Review and photos by Patrick Dunn
Almost two years to the day since the pandemic forced an early stop to the “Ice Cream in Hell” album release tour, blues guitarist, singer, songwriter Tinsley Ellis was finally back in Minneapolis, this time in support of his latest release “Devil May Care”. The involuntary break in his long-established routine of relentless touring ended up leaving Ellis with an open block of time he capitalized on by digging deeper than normal into his songwriting process. Now back on the Dakota stage this evening of March 14th, he appeared genuinely excited to be in front of a room full of enthusiastic Minnesota listeners to present the new material.
As fans were making their way into the performance area, the experience was already taking shape with the 4 most recognizable guitars Ellis plays lined up on stage and acting as a primer for what was about to take place. The performance itself consisted of 4 identifiable sections, directly tied to each of the guitars and the importance they played in producing the correct sound for the chosen songs in that section.
As expected, Ellis first grabbed his 1967 Gibson ES-345 to kick things off with the lead in song from the new album, and it was virtually impossible to sit still as he quickly found his groove. The trio’s output (including Andrew White / bass and Eric Kazinsky / drums) was tight and came across as a rich sound you’d expect would require several more players to accomplish. After cranking out a couple upbeat tracks, the slower pace of “A Quitter Never Wins” drew the audience in even further, especially during the guitar solo where Ellis’ exaggerated vibrato achieved a smoldering effect that perfectly suited the tune. Despite having plenty of his own material, Ellis enlisted some rarely chosen cover tunes such as “Cut You A-Loose” (Ricky Allen), which lent themselves well to his style and the mood he was going for.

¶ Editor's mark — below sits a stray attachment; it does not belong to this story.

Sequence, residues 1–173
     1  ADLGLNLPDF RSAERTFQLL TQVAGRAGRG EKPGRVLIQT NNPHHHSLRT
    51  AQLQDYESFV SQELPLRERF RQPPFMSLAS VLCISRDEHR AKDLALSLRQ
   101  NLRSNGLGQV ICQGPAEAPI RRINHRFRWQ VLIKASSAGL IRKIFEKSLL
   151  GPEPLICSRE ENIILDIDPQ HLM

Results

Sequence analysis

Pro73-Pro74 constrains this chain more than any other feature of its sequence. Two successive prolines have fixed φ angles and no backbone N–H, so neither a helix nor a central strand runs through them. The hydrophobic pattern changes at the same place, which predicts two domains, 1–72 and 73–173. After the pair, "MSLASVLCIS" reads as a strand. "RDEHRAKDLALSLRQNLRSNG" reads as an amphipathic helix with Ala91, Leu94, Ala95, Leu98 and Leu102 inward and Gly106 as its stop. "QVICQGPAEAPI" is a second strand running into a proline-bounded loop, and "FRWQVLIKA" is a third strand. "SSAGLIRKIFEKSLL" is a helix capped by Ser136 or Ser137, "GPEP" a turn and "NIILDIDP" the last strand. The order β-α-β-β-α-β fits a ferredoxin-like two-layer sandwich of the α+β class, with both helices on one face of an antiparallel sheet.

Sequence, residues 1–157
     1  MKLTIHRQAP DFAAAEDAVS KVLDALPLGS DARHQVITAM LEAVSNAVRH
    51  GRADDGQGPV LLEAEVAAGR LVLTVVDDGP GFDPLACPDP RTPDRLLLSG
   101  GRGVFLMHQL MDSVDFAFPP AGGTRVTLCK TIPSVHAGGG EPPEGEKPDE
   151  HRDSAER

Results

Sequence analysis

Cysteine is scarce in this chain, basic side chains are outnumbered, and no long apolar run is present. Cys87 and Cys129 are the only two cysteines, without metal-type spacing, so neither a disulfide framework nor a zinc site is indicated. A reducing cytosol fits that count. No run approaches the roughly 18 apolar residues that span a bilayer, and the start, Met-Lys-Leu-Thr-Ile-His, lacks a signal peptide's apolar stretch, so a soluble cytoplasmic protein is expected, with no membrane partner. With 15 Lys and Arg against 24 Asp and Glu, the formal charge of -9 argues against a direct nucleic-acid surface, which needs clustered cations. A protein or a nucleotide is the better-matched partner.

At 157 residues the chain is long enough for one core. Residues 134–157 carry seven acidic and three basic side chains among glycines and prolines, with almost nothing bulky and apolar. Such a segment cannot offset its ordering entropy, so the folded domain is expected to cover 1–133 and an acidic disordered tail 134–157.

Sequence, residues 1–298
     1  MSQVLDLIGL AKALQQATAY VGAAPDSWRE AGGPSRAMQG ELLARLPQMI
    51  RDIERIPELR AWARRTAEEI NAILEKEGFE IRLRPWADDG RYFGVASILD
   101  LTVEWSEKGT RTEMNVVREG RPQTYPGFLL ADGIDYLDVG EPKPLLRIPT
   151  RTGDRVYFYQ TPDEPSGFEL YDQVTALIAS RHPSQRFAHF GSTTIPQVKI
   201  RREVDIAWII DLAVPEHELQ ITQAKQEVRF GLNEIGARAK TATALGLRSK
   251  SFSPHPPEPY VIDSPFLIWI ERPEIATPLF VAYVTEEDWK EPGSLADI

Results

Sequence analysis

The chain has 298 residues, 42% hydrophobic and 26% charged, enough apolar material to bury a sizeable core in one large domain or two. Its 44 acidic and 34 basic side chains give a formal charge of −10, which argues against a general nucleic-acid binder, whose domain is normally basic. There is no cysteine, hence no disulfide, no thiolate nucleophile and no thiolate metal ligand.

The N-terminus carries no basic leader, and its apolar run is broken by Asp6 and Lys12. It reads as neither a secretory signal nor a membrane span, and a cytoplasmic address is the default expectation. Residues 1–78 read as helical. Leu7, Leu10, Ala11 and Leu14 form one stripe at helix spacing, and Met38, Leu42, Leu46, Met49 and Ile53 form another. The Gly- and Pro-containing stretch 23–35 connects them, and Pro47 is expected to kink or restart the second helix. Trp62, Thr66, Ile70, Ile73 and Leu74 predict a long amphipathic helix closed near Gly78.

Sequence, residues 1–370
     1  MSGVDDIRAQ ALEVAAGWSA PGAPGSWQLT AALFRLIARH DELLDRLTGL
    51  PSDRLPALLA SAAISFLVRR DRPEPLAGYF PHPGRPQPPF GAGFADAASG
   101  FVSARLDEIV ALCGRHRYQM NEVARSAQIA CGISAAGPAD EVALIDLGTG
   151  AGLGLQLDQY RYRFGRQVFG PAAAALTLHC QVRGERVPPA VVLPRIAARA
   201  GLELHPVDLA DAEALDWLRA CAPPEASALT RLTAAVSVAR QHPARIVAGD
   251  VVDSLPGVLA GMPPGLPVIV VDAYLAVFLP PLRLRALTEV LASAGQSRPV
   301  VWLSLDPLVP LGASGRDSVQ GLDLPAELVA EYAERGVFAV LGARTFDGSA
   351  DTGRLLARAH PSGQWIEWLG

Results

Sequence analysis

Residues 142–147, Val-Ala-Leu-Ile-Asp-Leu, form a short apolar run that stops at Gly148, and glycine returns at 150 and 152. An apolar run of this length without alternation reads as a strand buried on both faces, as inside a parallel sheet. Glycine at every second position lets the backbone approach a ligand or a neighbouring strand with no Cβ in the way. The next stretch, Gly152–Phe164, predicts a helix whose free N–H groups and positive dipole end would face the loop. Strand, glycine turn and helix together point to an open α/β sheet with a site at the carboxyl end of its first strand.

Breaking out a shiny 1932 National Resonator meant the Delta blues was about to be channeled for what ended up being my favorite section of the show. Ellis shared a story about his involvement in the “Blues at the Crossroads Tour”, which was all about the music of Muddy Waters and Howlin’ Wolf, after which he played a song from each. The 1959 Fender Stratocaster triggered a shift back to another electrified section geared with the intent on a strong conclusion to the main set with a few more tracks from the new album. Ellis cleverly saved his most unique guitar for last. The 1980’s Gibson Moderne was a perfect choice for the encore giving Ellis another opportunity to show off his tasty slide work on a 3 song ode to the sound of Mississippi blues.
One Less Reason
To the Devil for a Dime
A Quitter Never Wins
The Next Miss Wrong
Cut You A-Loose (Ricky Allen cover)
Double Eye Whammy (Freddy King cover)
I Can’t Be Satisfied (Muddy Waters cover)
Little Red Rooster (Howlin’ Wolf cover)
Slow Train to Hell
Coming Home (Elmore James cover)
It Hurts Me Too (Elmore James cover)